repositories.bind(to: collectionView) { array, indexPath, collectionView in
  let cell = collectionView.dequeueReusableCell(withReuseIdentifier: "Cell", for: indexPath) as! RepositoryCell
  let repository = array[indexPath.item]

  repository.name
    .bind(to: cell.nameLabel)
    .dispose(in: cell.onReuseBag)

  repository.photo
    .bind(to: cell.avatarImageView)
    .dispose(in: cell.onReuseBag)

  return cell
}

Yes, that's right!

Reactive Extensions

Bond is all about bindings and other reactive extensions. To learn more about how bindings work and how to create your own bindings check out the documentation on bindings.

If you are interested in what bindings and extensions are supported, just start typing .reactive. on any UIKit or AppKit object and you will get the list of available extensions. You can also skim over the source files to get an overview.

Observable Collections

When working with arrays usually we need to know how exactly did an array change. New elements could have been inserted into the array and old ones deleted or updated. Bond provides mechanisms for observing such fine-grained changes.

For example, Bond provides you with a (Mutable)ObservableArray type that can be used to generate and observe fine-grained changes.

let names = MutableObservableArray(["Steve", "Tim"])

...

names.observeNext { e in
  print("array: \(e.collection), diff: \(e.diff), patch: \(e.patch)")
}

You work with the observable array like you would work with the array it encapsulates.

names.append("John") // prints: array: ["Steve", "Tim", "John"], diff: Inserts: [2], patch: [I(John, at: 2)]
names.removeLast()   // prints: array: ["Steve", "Tim"], diff: Deletes: [2], patch: [D(at: 2)]
names[1] = "Mark"    // prints: array: ["Steve", "Mark"], diff: Updates: [1], patch: [U(at: 1, newElement: Mark)]

Peek into observable collections documentation to learn more about observable collections.

Data Source Signals

Observable collections and other data source signals enable us to build powerful UI bindings. For example, an observable array can be bound to a collection view just like this:

names.bind(to: collectionView, cellType: UserCell.self) { (cell, name) in
    cell.titleLabel.text = name
}

No need to implement data source objects and do everything manually. Check out documentation on the data source signals to learn more about them and about table or collection view bindings.

Protocol Proxies

Bond provides NSObject extensions that make it easy to convert delegate method calls into signal. The extensions are built on top of ObjC runtime and enable you to intercept delegate method invocations and convert them into signal events.

Bond uses protocol proxies to implement table and collection view bindings and to provide signals like tableView.reactive.selectedRowIndexPath. Check out the protocol proxies documentation to learn more.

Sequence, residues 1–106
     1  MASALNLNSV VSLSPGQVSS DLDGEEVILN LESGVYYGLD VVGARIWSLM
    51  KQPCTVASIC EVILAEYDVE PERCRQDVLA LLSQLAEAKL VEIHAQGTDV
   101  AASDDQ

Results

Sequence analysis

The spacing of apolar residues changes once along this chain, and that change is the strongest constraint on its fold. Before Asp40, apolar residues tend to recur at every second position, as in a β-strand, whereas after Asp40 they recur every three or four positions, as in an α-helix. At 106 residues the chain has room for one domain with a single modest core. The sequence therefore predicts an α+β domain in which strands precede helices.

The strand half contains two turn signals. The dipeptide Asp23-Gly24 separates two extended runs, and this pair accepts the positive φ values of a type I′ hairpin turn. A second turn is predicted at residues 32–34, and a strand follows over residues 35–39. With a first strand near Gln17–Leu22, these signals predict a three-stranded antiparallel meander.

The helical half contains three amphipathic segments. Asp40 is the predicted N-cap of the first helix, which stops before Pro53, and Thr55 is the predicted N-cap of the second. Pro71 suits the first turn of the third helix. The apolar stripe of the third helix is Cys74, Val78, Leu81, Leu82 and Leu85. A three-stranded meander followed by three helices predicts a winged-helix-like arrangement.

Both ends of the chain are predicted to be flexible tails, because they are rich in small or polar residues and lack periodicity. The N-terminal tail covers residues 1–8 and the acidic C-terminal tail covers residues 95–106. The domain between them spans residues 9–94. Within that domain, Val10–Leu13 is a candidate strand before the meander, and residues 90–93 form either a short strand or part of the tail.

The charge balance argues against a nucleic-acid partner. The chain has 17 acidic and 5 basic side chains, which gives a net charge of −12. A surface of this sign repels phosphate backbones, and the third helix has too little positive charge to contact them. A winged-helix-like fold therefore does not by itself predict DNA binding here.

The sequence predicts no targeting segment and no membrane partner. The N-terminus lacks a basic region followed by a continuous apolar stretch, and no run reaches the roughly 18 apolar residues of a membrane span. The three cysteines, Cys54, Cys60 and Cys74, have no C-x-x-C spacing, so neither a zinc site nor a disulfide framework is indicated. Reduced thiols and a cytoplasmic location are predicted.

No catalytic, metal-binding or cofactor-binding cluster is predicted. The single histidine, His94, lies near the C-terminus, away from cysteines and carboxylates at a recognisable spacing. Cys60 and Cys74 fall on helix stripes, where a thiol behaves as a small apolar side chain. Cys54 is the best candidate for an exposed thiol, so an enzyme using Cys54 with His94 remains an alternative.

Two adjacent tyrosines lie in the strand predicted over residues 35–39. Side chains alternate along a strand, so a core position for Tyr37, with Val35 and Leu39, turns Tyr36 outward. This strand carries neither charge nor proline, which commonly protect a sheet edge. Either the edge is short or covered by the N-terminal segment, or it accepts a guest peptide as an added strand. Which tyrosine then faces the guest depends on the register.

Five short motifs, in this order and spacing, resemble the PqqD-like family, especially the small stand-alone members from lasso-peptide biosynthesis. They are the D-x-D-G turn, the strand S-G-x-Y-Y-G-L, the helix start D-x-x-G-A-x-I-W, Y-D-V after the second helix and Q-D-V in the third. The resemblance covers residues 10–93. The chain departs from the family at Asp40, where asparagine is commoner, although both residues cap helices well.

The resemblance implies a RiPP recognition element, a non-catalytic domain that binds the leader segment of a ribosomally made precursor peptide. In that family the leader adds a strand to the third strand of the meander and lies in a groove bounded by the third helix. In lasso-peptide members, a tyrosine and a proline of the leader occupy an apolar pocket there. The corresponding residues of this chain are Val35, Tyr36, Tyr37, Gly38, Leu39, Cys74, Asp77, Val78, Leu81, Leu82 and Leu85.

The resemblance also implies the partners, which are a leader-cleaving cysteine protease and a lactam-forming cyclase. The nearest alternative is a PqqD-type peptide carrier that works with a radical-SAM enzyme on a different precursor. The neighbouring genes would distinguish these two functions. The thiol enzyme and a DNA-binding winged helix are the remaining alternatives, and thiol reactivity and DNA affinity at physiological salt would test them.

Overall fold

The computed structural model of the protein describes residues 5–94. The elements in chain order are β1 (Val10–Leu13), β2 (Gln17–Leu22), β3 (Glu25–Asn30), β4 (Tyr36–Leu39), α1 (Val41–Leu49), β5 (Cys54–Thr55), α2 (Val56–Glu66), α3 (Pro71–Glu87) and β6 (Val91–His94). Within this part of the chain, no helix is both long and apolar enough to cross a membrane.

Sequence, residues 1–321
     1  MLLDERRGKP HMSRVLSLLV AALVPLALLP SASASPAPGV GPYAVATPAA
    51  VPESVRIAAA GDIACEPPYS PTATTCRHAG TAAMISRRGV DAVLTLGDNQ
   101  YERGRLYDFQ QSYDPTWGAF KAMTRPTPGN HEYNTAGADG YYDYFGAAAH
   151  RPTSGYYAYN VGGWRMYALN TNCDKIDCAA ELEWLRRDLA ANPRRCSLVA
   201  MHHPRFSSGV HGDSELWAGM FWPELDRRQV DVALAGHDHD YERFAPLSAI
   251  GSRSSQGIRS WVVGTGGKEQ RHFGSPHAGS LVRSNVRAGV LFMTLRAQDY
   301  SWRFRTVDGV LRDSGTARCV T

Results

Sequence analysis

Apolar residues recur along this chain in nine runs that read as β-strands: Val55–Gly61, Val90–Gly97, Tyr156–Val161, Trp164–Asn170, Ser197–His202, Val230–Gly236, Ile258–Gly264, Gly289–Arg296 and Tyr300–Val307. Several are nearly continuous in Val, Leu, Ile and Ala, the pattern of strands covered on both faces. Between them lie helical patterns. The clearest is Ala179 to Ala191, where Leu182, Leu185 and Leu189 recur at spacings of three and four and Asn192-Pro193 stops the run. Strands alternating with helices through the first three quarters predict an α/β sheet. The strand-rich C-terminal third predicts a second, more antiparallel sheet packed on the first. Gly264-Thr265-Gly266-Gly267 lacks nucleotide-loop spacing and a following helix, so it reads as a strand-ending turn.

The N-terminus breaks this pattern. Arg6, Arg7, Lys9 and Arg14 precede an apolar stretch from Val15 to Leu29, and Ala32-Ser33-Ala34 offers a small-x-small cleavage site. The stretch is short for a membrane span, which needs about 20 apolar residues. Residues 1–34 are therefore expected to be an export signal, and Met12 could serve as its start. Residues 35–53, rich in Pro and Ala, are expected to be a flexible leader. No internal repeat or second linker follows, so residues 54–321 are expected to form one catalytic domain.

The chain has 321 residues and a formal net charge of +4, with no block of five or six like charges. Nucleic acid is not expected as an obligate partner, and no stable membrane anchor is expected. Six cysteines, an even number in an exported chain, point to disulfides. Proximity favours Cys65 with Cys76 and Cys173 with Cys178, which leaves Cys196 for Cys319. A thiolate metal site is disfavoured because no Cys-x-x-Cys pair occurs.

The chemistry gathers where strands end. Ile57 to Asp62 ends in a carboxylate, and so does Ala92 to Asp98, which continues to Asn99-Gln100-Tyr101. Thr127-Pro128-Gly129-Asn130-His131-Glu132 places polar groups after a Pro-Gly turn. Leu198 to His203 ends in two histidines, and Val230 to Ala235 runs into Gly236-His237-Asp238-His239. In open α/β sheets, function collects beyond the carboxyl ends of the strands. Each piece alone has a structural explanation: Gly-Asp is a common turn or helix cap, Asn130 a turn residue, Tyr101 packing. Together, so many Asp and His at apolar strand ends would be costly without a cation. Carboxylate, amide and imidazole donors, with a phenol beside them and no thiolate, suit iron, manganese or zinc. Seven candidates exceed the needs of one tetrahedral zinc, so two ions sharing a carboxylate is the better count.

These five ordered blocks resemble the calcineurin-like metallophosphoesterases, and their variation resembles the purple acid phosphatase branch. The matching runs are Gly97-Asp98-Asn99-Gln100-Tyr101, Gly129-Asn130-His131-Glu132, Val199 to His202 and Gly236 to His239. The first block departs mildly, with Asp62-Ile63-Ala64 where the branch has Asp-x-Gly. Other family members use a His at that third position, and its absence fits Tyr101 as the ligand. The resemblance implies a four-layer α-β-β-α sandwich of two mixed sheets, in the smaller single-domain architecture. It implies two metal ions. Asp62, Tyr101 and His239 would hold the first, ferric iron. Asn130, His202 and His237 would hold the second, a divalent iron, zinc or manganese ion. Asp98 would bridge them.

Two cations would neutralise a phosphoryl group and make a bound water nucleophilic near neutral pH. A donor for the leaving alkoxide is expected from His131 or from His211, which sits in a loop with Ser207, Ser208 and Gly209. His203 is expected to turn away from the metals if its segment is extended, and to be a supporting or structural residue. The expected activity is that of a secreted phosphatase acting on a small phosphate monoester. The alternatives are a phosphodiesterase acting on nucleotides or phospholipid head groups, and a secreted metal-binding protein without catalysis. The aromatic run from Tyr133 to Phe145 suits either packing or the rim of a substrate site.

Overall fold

Community Extensions

Make sure to check out Extensions directory. It contains extensions that make Bond easy to use with other frameworks and libraries, like Realm.

If you have an extensions that makes your favourite framework work with Bond and you'd like to share it with everyone, we'd be more than happy to accept your PR.

Requirements

  • iOS 8.0+ / macOS 10.11+ / tvOS 9.0+
  • Swift 4.2

Communication

  • If you'd like to ask a question, open an issue.
  • If you found a bug, open an issue.
  • If you have a feature request, open an issue.
  • If you want to contribute, submit a pull request (include unit tests).

Installation

Carthage

  1. Add the following to your Cartfile:

    github "DeclarativeHub/Bond"
    
  2. Run carthage update

  3. Add the framework as described in Carthage Readme

Accio

  1. Add the following to your Package.swift:

    .package(url: "https://github.com/DeclarativeHub/Bond.git", .upToNextMajor(from: "7.4.1")),
    
  2. Next, add Bond to your App targets dependencies like so:

    .target(
        name: "App",
        dependencies: [
            "Bond",
        ]
    ),
    
  3. Then run accio update.

CocoaPods

  1. Add the following to your Podfile:

    pod 'Bond'
    
  2. Run pod install.

License

The MIT License (MIT)

Copyright (c) 2015-2019 Srdan Rasic (@srdanrasic)

Permission is hereby granted, free of charge, to any person obtaining a copy of this software and associated documentation files (the "Software"), to deal in the Software without restriction, including without limitation the rights to use, copy, modify, merge, publish, distribute, sublicense, and/or sell copies of the Software, and to permit persons to whom the Software is furnished to do so, subject to the following conditions:

The above copyright notice and this permission notice shall be included in all copies or substantial portions of the Software.